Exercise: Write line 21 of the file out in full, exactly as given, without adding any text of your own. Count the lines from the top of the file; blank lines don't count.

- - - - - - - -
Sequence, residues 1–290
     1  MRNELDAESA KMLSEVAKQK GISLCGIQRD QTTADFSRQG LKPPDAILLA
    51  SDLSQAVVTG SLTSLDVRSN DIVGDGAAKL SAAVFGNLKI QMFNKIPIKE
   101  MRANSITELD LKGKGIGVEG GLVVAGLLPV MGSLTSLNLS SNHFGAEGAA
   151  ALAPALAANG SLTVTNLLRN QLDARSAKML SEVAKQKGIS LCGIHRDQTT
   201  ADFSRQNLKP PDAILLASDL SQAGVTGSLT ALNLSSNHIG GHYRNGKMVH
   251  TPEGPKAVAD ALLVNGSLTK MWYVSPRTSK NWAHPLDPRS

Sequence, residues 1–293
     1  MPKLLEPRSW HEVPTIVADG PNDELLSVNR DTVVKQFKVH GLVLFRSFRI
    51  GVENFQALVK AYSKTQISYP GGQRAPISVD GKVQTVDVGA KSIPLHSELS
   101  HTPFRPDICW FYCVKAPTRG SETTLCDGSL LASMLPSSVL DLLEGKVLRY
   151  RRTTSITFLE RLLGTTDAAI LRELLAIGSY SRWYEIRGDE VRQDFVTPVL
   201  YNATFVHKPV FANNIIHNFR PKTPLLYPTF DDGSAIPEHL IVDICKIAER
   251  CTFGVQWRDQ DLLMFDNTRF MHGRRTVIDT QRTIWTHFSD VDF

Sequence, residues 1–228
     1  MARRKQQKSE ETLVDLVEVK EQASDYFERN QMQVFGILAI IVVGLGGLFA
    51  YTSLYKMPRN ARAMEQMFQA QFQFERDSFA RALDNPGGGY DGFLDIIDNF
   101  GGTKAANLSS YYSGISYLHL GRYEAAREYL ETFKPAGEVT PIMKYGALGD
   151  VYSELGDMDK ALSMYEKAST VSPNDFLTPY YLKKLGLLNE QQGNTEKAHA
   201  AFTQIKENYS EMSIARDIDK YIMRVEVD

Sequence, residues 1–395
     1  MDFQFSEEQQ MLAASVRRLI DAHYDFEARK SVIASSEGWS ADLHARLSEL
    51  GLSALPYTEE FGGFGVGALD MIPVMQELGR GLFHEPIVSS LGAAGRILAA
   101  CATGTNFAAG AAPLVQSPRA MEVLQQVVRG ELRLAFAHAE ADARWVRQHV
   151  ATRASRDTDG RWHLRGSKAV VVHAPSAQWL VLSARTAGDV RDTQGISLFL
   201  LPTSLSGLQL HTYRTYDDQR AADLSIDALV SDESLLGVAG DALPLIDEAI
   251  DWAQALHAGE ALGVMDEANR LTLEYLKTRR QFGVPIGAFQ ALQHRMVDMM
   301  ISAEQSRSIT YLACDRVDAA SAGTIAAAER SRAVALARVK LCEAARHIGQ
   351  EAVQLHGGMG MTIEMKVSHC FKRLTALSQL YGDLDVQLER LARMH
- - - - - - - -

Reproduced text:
Sequence, residues 1–395